Wisconsin’s Central Sands is known for potato crops that are sold fresh and processed as chips and fries, but there is an important growing area in Langlade County that specializes in another type of potato.
“There are about 60,000 acres of potatoes in Wisconsin, and this little Antigo area has about 10,000 acres, and about 8,000 of them are seed potatoes,” said JD Schroeder with Schroeder Brothers Farms, one of about 15 seed potato growers in the county.
Schroeder Brothers hosted visitors in September from Marathon County’s Partnership for Progressive Agriculture to learn more about the process of growing seed potatoes.
Potatoes don’t actually grow from seed, Schroeder told the group. What is called a seed in the potato world is actually a cut piece of a potato with at least one “eye” in it. When planted, that piece produces many more tubers with the same characteristics as the parent plant. The challenge is that potatoes are susceptible to any number of pests, pathogens and problematic weather conditions that can destroy a crop quickly, so seed producers are strictly regulated to be sure they don’t pass diseases along to other growers.
Schroeder’s ancestors settled in what was called New County in 1879. A year later it was renamed Langlade.
“It used to be more dairy cows and just a few acres of potatoes,” said Schroeder, who is part of the fifth of six generations of family on the farm.
Today, Schroeder Brothers — John Thomas (JD’s father), Rob and Pete — along with members of their families, 50 full-time employees and about 50 part-time workers, manage 6,000 to 7,000 acres of crops with about 30 varieties and 2,200 acres of potatoes in the rotation. About 80 percent of the potatoes are sold for seed and the remainder as fresh table potatoes.
Much of the seed stock grown at Schroeder Brothers was initially developed at UW-Madison, which also grows its potatoes for the first two years before they go to seed stock growers like the Schroeders. At Schroeder Brothers, plants are followed through the growing season and officially inspected in the field and as they go on the truck to customers. They must be certified disease-free in order to leave the farm.
“A potato costs a lot more to grow per acre than corn or soybeans, so it ends up being a lot more valuable crop, and you have to go through a lot more effort to keep it healthy,” said Schroeder. “There are hundreds of potato diseases that we are trying to stop.”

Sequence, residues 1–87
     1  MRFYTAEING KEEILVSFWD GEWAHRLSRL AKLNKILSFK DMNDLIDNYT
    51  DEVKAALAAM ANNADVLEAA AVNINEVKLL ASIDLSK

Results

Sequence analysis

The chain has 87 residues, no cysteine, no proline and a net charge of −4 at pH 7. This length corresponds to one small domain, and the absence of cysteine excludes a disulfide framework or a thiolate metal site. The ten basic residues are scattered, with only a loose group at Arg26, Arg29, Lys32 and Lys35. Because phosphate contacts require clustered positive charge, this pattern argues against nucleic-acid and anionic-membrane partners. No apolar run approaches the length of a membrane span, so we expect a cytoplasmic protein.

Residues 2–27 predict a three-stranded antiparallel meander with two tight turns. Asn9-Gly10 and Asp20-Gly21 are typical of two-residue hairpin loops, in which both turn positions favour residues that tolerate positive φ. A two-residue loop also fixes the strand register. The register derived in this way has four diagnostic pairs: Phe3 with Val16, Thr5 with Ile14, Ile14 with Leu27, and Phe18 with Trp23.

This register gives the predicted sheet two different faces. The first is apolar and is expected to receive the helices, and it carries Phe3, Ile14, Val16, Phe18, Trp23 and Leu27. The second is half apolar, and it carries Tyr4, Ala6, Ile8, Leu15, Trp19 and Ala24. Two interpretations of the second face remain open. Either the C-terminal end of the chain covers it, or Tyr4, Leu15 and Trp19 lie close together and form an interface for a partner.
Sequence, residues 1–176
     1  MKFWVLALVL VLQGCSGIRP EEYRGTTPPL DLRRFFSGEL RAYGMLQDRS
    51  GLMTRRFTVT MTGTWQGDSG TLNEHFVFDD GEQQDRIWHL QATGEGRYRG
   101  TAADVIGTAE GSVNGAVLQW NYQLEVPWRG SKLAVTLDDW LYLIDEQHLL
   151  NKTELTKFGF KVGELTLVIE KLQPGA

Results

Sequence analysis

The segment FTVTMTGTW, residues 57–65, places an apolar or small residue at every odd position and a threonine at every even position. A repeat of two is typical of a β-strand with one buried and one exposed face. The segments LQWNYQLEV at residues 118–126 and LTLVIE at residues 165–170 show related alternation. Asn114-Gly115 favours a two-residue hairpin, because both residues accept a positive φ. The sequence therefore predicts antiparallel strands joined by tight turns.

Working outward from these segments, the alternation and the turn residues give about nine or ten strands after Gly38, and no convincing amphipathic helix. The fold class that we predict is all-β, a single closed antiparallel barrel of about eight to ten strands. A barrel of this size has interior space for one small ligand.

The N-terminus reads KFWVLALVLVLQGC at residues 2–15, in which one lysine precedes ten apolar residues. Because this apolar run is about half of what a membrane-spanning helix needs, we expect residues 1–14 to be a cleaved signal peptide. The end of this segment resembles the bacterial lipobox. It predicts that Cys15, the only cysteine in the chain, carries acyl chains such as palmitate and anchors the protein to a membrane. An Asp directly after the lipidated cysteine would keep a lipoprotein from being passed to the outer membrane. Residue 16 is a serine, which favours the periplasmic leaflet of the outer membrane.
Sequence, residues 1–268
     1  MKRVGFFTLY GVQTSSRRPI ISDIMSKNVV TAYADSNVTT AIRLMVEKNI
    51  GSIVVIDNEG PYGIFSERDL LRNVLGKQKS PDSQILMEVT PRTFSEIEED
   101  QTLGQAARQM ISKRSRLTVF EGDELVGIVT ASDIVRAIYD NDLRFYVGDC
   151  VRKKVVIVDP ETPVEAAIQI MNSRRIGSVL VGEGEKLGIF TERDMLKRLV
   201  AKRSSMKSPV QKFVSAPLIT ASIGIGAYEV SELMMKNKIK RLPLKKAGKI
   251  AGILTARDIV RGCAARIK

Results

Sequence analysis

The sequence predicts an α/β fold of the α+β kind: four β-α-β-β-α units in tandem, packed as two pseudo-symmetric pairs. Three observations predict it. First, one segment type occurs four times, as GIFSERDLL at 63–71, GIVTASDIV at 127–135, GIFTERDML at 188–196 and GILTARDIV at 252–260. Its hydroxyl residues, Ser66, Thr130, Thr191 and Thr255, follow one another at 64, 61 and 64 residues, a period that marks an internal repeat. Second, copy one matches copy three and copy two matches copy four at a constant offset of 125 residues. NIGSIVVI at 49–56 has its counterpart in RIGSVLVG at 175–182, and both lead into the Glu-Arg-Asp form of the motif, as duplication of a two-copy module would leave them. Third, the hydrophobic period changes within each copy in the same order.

When planted in the spring, seed is put down with fertilizer and then fertilized again when soil is hilled up around the growing foliage. Hilling protects the growing tubers from exposure to damaging sunlight and aids drainage. Even with hilling, excess rain this summer drown out 10 to 15 percent of the Schroeders’ crop. Fungal diseases follow hard on the heels of moisture, so regular spraying is necessary, Schroeder said.
Growing potatoes is an expensive enterprise with expensive inputs and expensive equipment. Some fungicides can cost $100 an acre, and a harvester can cost upwards of $800,000. On top of that, sales of fresh potatoes have declined steadily since the 1950s, Schroeder said. Margins are tight.
“Farmers are getting better and better, so yields are going up while consumption is going down,” he said. ”It definitely puts a cap on your price. It’s a little bit of a scary thing right now.”
Still, he sees a strong future for the family business. Both he and a cousin have youngsters that love to visit the farm and ride in the tractors.
“Hopefully it will keep going on for many generations,” Schroeder said. “You’re always trying to be sustainable and limit your soil loss just so that the farm can keep going. Something that started in 1879, you want it to be successful. We just hope people keep eating potatoes.”
The Partnership for Progressive Agriculture is a nonprofit organization that educates, promotes and advocates for diverse and sustainable agriculture. The group also visited Canopy Gardens during the Langlade County tour to learn about growing hydroponic tomatoes.
Source: The Country Today